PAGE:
I Am an Avid Rock Climber; Will Going Submuscular Affect my Strength/distort my Implants? (photo)
- Asked by cgood26
- 1 year ago
I am 5'5", 120 lb with a muscular frame. I am a dedicated rock climber, and climb 4 days a week. I am interested in silicone implants to enhance my small 34b cup size, and provide me with more volume. I’d like to become a small C, and for my breasts to look as natural as possible however, I don't want to compromise my strength and flexibility, nor do I want my implants to become distorted (separated) over time due to my pectoral muscles. What are my options?
Submuscular or Sumammary Implants For an Athlete?
Thank you for sharing well-taken photos.
Based on what you have expressed and the type of your activity, it seems that the best way to go is to have a submuscular silicone implants that will provide you with a natural look and the least distortion possible.
Also, submuscular implants should have little to no effect over the performance of your pec muscles hence your overall performance as a rock climber.
That being said, please remember that commendable results require an exceptionally skilled surgeon to perform the surgery and settling for anything less than that increases the chances of additional corrective surgeries dramatically.
I hope this helps and please feel free to check the website below.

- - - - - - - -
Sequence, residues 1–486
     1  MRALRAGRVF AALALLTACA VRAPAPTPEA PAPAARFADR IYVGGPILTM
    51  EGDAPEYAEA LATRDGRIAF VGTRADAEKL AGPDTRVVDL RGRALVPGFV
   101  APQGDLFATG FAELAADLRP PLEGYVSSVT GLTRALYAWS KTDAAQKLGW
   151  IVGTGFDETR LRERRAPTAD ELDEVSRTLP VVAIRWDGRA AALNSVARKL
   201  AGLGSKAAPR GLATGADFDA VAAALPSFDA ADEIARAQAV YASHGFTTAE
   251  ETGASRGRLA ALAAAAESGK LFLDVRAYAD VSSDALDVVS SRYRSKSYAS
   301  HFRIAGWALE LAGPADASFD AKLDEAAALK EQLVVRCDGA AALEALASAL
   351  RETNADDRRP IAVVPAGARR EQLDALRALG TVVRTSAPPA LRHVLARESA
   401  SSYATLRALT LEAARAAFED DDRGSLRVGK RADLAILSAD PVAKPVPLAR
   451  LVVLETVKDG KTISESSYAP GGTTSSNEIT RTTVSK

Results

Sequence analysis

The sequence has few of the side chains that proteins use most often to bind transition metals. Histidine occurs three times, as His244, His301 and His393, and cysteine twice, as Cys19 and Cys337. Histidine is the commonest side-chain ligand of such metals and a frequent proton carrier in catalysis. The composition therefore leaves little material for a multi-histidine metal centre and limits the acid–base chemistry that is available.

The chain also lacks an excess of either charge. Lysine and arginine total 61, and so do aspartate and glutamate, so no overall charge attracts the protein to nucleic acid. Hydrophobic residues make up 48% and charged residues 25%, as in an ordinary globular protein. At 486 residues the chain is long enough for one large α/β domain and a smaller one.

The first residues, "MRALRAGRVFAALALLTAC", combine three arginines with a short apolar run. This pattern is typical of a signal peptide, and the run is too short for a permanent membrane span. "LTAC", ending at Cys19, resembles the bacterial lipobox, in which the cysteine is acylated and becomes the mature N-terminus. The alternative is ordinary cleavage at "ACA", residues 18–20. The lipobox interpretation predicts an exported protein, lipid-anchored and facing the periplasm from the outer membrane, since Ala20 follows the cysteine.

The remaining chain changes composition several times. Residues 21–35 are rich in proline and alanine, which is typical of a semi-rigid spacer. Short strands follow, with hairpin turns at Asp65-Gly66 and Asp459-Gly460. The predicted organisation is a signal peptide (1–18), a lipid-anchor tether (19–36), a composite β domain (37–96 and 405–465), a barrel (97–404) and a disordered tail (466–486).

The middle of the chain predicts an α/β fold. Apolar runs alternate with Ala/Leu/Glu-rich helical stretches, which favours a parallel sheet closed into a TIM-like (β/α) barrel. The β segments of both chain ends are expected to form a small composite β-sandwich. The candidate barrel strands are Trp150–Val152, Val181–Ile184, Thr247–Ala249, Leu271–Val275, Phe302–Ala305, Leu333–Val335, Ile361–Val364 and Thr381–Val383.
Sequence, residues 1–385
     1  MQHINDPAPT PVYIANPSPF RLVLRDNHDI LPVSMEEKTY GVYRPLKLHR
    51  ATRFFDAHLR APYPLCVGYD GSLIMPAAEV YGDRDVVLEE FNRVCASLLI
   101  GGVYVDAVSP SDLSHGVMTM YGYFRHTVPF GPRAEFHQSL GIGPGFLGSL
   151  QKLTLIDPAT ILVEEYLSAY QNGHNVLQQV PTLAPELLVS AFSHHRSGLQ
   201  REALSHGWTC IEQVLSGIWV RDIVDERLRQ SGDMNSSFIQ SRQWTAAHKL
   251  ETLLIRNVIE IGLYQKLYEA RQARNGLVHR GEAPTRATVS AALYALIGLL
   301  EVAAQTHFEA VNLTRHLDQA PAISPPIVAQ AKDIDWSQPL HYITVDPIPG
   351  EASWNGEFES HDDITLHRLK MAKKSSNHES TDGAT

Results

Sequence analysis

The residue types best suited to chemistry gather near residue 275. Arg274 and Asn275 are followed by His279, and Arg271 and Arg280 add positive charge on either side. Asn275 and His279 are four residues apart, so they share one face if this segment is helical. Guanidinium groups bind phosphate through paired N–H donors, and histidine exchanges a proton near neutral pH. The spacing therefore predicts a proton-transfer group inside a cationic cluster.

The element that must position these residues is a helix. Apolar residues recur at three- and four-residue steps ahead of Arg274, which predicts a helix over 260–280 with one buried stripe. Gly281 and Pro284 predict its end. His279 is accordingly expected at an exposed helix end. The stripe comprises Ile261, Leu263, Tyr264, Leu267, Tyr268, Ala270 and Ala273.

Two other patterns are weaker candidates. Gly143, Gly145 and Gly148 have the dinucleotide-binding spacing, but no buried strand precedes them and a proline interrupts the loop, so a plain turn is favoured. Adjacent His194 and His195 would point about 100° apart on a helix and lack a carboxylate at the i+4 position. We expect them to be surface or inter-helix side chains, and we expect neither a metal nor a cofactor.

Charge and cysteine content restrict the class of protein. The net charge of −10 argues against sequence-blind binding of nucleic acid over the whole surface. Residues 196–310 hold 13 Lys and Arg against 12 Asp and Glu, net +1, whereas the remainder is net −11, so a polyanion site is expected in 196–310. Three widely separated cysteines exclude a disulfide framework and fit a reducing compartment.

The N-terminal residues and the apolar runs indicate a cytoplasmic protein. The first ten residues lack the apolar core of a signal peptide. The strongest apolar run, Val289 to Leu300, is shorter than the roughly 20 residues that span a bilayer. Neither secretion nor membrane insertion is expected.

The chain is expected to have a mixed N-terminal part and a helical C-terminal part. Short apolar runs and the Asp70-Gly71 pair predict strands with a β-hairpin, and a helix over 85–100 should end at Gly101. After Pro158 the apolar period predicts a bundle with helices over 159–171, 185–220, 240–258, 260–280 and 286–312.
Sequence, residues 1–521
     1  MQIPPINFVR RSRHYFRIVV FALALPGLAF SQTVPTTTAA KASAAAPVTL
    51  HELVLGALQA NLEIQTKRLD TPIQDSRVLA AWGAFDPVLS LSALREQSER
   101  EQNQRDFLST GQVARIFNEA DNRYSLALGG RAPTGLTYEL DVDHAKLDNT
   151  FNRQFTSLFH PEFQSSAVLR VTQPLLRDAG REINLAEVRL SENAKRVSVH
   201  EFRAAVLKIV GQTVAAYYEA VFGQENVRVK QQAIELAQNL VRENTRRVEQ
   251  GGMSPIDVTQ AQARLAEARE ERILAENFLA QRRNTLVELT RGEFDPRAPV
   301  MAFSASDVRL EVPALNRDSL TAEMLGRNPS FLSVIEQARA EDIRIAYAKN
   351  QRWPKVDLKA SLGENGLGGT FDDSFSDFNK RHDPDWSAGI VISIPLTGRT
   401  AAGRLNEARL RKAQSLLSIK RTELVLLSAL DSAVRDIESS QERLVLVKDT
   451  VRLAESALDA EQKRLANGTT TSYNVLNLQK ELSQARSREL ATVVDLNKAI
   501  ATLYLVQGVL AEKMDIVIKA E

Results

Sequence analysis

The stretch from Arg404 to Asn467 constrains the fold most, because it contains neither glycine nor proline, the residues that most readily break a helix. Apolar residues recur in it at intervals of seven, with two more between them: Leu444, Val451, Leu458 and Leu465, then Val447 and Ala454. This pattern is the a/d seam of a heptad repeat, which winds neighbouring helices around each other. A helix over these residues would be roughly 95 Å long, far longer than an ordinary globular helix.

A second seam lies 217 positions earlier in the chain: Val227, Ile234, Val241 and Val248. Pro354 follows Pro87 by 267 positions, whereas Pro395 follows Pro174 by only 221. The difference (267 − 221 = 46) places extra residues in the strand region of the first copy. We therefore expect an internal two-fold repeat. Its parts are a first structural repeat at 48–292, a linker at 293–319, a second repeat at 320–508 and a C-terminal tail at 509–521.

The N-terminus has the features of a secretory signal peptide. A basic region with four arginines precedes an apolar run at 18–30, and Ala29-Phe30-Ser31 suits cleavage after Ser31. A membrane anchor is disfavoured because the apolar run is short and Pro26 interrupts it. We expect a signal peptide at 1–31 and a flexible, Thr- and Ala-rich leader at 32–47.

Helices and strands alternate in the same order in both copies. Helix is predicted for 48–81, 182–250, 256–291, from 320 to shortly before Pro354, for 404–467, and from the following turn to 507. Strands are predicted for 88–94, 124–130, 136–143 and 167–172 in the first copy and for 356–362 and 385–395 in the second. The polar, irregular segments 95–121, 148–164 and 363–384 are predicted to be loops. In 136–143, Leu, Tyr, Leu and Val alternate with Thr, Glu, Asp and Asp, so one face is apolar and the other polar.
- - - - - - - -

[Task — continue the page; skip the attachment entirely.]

Thank you for your inquiry.
The best of luck to you.
Web reference: http://www.DrSajjadian.com
Implant placement for very active athletes
Generally speaking I prefer to place the implant under the muscle when I encounter someone who is thin or has very minimal breast tissue. In your situation, if you are interested in only adding a smaller implant to go up 1 cup size, then I will recommend a silicone gel implant placed above the muscle. You wouldn't have to deal with compromised muscle strength or distortion from muscle movement. Another good option is to use anatomical shaped round based silicone gel implant which will get you great projection over breast mound but minimize excessive bulging of the upper pole. Most of my fitness patients are having this type of breast enhancement with minimal risks of rippling or unnatural augmented look.
Stewart Wang, MD FACS, Wang Plastic Surgery
Strength and submuscular implants
The long term results are significantly better with the submuscular implants. There is probably some loss of strength with the subpectoral placement.
Recent Breast Augmentation Reviews
Breast Augmentation Photos
Rock climbing and breast augmentation
Thanks for a great question. I almost always reccommend a submuscular position even in very active women, but your rock climbing passion is a hard to comment on, because I do think the pectoralis muscle is weakened some and more importantly-animation deformity or motion of the implant with use of the pectoralis muscle is not an uncommon problem. Your other option is to place a silicone implant over the muscle. Secondly though I do not personally perform this operation, you could seek the opinion of a surgeon who specializes in fat transfer to breast. Hope that helps, good luck.
Should Rock Climbers Get Breast Implants Above Or Below The Pectoralis Muscle?
Partially subpectoral breast augmentations have the advantage over submammary breast augmentations in very slender, muscular women. These advantages are:
1. less chance of rippling
2. less chance of capsular contracture
3. easier to read mammograms
4. more natural appearance and less chance of seeing the edge of the implant
I have done breast augmentations on many competitive athletes including rock climbers, and I have found no loss of strength or distortions over time.